Parents' Guide to

The Starling

By Jennifer Green, Common Sense Media Reviewer

age 14+

Tearjerker has mature themes, salty language, some humor.

Movie PG-13 2021 104 minutes
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This calculated tearjerker is heavy on emotional symbolism but offers a showcase for its two impressive lead actors, Melissa McCarthy and Chris O'Dowd. In fact, The Starling is totally dependent on McCarthy's believability as a big box store clerk stoically marching on after tragedy, and on her and O'Dowd's ability to carry both the drama and the humor. McCarthy's deadpan delivery and knack for physical comedy are well-known, but here she's also called on to convey deep emotional trauma, anger, frustration, uncertainty, and more, often in close-up shots while driving or sitting alone at home. Perhaps best known as the perennial good guy in Bridesmaids, O'Dowd matches her: his slouchy demeanor, cheeky face, and Irish brogue are the outward signs of his droll, despairing character. He has one of the most heartrending scenes in the film, with no spoken lines, when he faces a vital choice alone in his room. Kevin Kline exudes his usual paternal pathos, though it comes as almost a relief when his Dr. Fine admits he doesn't have all the answers either.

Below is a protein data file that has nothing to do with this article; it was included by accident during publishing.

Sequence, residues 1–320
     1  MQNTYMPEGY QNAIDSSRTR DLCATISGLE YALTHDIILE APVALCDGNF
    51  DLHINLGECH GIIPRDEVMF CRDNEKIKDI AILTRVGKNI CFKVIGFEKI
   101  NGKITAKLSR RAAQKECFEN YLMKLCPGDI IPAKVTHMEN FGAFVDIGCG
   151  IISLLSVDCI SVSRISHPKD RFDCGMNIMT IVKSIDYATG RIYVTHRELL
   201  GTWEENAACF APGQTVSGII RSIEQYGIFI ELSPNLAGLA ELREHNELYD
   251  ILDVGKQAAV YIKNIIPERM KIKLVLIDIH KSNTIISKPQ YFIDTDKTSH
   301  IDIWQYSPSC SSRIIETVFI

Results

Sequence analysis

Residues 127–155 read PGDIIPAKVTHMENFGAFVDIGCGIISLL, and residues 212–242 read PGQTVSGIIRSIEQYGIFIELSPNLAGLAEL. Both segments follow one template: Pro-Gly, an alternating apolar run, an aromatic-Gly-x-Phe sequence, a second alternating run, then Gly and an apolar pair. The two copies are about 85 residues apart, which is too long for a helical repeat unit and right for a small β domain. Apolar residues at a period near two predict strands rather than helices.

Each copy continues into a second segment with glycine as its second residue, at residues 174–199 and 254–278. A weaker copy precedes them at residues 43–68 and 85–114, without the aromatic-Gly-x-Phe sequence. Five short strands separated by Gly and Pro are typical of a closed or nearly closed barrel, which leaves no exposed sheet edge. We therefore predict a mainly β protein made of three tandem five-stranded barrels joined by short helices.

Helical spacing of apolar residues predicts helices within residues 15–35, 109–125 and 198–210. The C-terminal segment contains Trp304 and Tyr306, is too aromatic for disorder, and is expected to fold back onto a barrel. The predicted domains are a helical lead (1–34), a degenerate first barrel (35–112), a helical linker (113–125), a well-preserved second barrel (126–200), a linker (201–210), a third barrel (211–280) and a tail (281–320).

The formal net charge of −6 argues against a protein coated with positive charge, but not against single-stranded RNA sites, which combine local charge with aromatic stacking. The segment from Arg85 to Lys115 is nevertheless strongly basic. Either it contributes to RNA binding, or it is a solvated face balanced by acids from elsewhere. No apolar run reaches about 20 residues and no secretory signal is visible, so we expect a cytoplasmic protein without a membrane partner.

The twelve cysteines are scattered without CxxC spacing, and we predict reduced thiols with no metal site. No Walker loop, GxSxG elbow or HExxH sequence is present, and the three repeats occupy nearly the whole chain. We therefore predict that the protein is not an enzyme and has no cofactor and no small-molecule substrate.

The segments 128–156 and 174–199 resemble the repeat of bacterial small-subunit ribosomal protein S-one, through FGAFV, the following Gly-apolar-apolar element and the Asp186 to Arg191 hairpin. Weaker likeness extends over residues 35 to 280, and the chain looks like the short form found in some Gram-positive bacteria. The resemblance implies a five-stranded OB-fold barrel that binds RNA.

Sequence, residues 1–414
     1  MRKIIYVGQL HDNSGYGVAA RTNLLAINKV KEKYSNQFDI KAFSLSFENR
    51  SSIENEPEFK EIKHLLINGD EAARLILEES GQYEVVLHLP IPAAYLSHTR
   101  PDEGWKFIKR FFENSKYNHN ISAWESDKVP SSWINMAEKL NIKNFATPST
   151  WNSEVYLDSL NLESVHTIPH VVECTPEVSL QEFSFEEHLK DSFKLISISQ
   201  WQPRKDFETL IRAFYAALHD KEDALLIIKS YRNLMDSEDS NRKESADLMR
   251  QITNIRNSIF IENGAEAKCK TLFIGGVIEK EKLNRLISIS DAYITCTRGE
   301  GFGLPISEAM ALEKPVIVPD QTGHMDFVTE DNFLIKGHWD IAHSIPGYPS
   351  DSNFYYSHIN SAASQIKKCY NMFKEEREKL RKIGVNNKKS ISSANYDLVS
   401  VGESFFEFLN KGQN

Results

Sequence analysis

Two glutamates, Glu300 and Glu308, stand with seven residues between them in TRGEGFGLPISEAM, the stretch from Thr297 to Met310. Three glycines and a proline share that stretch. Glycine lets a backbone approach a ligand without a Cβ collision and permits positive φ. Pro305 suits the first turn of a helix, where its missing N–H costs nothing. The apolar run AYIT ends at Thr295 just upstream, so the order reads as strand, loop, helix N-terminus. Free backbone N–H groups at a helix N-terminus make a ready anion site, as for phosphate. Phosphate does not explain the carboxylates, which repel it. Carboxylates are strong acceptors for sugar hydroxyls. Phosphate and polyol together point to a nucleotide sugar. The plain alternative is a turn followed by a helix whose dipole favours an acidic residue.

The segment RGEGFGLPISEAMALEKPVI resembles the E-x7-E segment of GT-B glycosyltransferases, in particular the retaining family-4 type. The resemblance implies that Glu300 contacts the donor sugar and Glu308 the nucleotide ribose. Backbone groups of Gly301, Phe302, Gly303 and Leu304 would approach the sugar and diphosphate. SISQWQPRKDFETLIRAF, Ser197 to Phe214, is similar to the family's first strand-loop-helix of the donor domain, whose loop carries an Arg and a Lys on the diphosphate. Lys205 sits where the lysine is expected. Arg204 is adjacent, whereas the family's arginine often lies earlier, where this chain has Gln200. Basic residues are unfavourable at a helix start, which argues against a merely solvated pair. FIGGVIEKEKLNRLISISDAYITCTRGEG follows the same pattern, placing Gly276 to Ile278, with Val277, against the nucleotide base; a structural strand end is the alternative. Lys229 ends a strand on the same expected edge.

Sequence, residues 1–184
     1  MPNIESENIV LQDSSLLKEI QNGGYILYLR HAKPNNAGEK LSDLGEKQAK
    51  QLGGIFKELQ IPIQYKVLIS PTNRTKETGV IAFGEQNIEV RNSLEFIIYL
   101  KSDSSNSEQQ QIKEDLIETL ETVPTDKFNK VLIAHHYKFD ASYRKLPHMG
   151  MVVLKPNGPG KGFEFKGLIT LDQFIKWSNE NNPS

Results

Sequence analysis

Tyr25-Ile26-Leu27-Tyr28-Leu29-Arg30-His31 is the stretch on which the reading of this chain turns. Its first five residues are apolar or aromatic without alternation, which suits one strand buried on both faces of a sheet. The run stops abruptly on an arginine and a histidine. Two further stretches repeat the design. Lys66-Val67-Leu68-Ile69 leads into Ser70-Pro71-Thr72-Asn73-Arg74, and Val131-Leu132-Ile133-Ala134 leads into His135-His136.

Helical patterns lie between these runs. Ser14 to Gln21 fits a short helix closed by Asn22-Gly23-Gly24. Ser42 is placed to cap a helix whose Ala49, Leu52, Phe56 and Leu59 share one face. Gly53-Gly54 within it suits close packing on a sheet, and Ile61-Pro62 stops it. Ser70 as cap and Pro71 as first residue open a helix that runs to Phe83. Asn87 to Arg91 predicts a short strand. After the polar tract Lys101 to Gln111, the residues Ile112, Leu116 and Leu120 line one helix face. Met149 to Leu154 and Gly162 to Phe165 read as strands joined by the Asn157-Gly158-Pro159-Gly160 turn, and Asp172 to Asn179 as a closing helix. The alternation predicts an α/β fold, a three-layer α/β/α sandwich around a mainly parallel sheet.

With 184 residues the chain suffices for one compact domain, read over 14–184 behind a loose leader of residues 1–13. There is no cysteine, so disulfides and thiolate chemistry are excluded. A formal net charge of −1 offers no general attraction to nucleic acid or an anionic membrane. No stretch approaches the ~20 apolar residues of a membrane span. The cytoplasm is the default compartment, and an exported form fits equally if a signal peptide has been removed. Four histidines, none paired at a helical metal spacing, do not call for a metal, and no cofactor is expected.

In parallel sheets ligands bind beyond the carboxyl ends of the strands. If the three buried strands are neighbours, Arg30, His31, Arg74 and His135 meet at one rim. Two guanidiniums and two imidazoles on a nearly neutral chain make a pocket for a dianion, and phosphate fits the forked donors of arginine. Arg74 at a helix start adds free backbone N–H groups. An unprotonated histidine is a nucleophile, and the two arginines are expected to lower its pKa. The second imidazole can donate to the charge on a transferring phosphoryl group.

The film works hard not to wallow in melancholy, conspicuously weaving the heaviest scenes together back-to-back with lighter ones. Jack's therapy sessions, for example, are often followed by scenes of Lilly gardening in a helmet or arguing crazily with a bird. An apparently very serious fall off a ladder is oddly played for humor. Lilly seems to do a lot of driving in this rural setting, perhaps symbolizing the journey she's on -- and with no clear destination at first. Likewise, the symbolism is ripe as she preps a field to replant an abandoned garden. These are just some of the overly obvious choices the film makes to set the mood and explain its characters, ultimately unnecessary considering the intensity of the event at its heart. The lack of subtlety in the animal analogies is even discussed by the characters ("Real subtle, Larry," Lilly jokes). But tellingly, the birds are actually superfluous to this story of two people trying to start their lives again after unthinkable heartbreak.

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